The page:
Northeast Tarrant

Birdville, Keller schools push for strong voter turnout

With a week left in this election season, Birdville and Keller school district officials are focusing on educating residents and urging them to vote.

Those who oppose the school districts’ bond elections are doing the same.

Birdville has $163.2 million in bonds on the ballot to rebuild three of its oldest campuses, upgrade technology at all schools and improve security. Keller’s $169.5 million bond proposal would build three schools, renovate and expand an existing school to make it a career training center, renovate and add on to Keller High School, and upgrade security and technology.

For Birdville, this is the second bond election in 18 months. Voters rejected a $183.2 million bond in May 2013.

Oppostion to the bond election in both districts has come from the group Direct Action Texas, which says the districts are not providing enough information about debt and bond payments. Its website, www.isdbondage.com, details the amount of bond debt it says each district would take on if the bond passes is posted.

A political action committee, Birdville Backers, was formed to support the bond plan there.

“The needs of the students in this district are severe and require BISD citizens to be well informed about the issues facing our schools,” PAC Co-Chairman Mark Wood said in a news release.

The bond proposals are drawing strong numbers in early voting. In the first seven days, 7,499 people voted in Birdville and 9,603 in Keller. For Birdville’s May 2013 bond package, 5,898 people voted early, records show.

Downsizing the bond amount

Those who support the bond issue said voter apathy played a role when the last such proposal failed.

“I don’t think the parents of Birdville will let that happen again,” said Kristin Wheeler, a Birdville parent and a member of the 2014 bond committee.

Some of those parents who voted against the last bond did not like the plan to consolidate students from four elementary schools into two, according to district surveys. Officials removed consolidation plans and instead focused on addressing the buildings with the most pressing needs and trimming the overall cost.

This year’s proposal is $20 million less than the one voters rejected.

“The committee wanted to come back with a lower bond and be sensitive to that concern,” said Mark Thomas, director of communications for the Birdville district.

Birdville has 17 schools built in the 1950s and ’60s. The Academy at West Birdville, Birdville Elementary School and North Richland Middle School all have significant problems and would be rebuilt if the bond issue passes.

Wheeler said North Richland Middle has 300 students in portable classrooms throughout the school day. The bond proposal would eliminate 30 portables across the district. Those that remain would get security fencing.

Thomas said, “Ultimately, we’d like to have all the portables gone, but until then, we realize we need to protect them.”

Wheeler said she was urging parents to vote so they can determine what kind of schools their children attend. Those who don’t have children in school can look at the bond issue as an investment. For a resident with a $120,000 home, the monthly tax increase would be $3.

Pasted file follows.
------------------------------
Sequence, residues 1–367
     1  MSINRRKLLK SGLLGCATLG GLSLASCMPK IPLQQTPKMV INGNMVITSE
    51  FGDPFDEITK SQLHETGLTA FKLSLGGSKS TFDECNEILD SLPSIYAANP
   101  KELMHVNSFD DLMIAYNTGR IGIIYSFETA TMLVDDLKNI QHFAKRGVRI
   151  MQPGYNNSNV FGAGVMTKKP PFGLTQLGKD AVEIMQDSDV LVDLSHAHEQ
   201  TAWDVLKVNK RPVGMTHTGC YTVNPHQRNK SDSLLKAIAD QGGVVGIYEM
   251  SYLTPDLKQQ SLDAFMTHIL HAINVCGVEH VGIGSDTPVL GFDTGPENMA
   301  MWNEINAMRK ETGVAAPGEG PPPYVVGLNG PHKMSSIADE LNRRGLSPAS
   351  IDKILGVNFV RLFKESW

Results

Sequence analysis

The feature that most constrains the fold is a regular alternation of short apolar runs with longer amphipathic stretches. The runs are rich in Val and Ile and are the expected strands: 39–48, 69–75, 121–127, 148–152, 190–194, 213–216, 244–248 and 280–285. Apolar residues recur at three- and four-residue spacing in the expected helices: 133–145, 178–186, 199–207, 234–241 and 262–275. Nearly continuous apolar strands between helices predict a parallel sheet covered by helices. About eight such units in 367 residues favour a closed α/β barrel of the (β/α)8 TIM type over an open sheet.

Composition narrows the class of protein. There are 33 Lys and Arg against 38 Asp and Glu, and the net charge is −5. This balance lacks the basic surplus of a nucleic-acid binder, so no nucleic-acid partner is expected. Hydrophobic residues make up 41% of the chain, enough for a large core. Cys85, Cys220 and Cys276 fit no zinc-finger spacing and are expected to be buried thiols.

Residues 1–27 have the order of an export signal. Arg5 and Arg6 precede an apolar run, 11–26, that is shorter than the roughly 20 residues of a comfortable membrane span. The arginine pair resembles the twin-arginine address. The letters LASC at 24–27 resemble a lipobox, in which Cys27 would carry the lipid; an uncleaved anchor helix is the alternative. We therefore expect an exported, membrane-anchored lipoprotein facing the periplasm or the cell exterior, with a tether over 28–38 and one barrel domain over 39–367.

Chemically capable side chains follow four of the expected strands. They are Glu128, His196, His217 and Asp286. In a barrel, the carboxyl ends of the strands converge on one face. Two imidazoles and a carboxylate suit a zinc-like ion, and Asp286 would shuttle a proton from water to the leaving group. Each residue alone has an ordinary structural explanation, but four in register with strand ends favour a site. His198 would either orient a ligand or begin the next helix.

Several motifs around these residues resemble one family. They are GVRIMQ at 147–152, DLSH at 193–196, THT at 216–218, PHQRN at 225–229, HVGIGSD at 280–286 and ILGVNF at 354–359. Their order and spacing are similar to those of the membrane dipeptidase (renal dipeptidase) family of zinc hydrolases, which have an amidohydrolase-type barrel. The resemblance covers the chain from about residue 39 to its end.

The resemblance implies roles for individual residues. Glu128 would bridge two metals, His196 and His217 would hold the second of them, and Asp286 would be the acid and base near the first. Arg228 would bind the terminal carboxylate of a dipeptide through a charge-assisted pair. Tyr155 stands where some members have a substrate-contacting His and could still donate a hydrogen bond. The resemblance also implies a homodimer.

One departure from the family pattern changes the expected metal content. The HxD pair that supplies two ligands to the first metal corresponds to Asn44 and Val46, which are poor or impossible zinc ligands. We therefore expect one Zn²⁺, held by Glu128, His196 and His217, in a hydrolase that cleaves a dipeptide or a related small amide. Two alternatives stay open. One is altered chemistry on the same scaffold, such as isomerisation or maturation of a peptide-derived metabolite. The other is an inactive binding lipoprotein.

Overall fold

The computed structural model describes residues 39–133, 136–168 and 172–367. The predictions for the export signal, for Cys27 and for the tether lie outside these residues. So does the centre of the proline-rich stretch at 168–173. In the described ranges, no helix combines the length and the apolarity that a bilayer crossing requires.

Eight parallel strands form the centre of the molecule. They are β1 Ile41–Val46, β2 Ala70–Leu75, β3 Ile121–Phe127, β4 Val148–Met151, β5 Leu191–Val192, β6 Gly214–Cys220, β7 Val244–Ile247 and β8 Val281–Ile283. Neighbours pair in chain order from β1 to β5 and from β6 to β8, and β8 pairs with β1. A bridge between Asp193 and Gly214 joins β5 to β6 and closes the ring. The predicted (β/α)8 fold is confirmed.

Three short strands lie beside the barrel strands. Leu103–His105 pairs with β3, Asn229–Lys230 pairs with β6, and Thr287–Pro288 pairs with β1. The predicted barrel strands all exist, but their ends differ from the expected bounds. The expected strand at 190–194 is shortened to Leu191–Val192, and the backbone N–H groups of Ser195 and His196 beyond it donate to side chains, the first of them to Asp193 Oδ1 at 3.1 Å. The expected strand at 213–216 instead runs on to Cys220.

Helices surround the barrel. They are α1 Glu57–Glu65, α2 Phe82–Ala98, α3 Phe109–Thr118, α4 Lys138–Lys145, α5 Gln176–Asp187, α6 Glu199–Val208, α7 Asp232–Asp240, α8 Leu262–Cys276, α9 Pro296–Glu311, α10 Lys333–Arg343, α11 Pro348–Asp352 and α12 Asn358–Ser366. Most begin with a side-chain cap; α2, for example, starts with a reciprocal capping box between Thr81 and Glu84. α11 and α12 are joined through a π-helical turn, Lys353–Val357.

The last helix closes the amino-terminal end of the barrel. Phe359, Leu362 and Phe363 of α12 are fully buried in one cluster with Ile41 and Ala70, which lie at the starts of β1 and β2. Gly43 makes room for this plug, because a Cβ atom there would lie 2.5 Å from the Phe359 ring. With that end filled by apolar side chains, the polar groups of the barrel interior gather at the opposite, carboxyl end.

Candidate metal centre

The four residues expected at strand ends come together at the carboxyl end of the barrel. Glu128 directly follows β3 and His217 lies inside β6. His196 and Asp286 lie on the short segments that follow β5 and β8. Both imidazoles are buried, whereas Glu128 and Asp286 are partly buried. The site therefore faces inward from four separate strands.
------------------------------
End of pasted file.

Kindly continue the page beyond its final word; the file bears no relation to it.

“It’s an investment you’re making in your entire community. You don’t move into your home and never expect to renovate,” she said. “If you do not make these small investments in the district, you stand to lose property value. People will stop moving to Birdville.”

Keller looks to the future

Keller officials are also pushing residents to get out and vote.

“I think we’re much more likely to get the true wishes of the community if we get a lot of folks out,” Superintendent Randy Reid said.

The Keller district is running a “4ward the Facts” campaign to encourage residents to get informed about the bond, tell four friends and go to the polls.

If approved, the Keller school bond issue would not raise the tax rate, already at the 50-cent maximum for bond debt. The district can raise additional funds at the current rate because of increasing tax valuations, refinancing debt at lower interest and paying off bonds early.

In answer to critics who say Keller carries too much debt, officials point to the district’s rapid growth.

Beverly Dixon, a Keller parent and a member of the bond committee, said, “No district in Tarrant County has the same level of debt, but no other district had to build 22 campuses in 12 years.”

Enrollment in the district, now at 34,000, has doubled since 2000 and more than tripled since 1994.

Reid said district’s debt would still be below Texas Education Agency guidelines if the bond issue passes. The TEA recommends that principal debt not exceed 10 percent of taxable values. The Keller district has about $12 billion in taxable value and would have $826 million in debt if the bond is approved, or about 7 percent.

The district’s tax rate has remained unchanged for four years, property tax values have gone up, especially in the last year.

“You can’t have it both ways,” Reid said. “People want their values to go up when they sell, but they don’t want to pay more in taxes. We need to look at the school district as an investment in the community as a whole. A lot of our students come back and live in the community. We’re creating a better future for ourselves.”

Dixon also talked about the bond as an investment for the future.

“People are coming here for the community and for the school district,” she said. “We’re supporting our community. Our children are our future.”

This story was originally published October 27, 2014 4:08 PM.

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